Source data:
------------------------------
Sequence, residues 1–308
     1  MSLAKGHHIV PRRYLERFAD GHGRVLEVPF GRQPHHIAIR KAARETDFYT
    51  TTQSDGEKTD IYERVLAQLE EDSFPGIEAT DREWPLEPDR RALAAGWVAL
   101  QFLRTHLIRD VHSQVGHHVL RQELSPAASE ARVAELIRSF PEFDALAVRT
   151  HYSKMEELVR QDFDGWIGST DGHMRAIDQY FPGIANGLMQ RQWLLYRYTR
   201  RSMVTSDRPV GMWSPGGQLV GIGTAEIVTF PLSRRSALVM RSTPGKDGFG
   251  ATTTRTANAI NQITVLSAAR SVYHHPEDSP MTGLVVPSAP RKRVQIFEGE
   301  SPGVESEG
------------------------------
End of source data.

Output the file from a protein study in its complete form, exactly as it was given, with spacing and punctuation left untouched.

Sequence, residues 1–308
     1  MSLAKGHHIV PRRYLERFAD GHGRVLEVPF GRQPHHIAIR KAARETDFYT
    51  TTQSDGEKTD IYERVLAQLE EDSFPGIEAT DREWPLEPDR RALAAGWVAL
   101  QFLRTHLIRD VHSQVGHHVL RQELSPAASE ARVAELIRSF PEFDALAVRT
   151  HYSKMEELVR QDFDGWIGST DGHMRAIDQY FPGIANGLMQ RQWLLYRYTR
   201  RSMVTSDRPV GMWSPGGQLV GIGTAEIVTF PLSRRSALVM RSTPGKDGFG
   251  ATTTRTANAI NQITVLSAAR SVYHHPEDSP MTGLVVPSAP RKRVQIFEGE
   301  SPGVESEG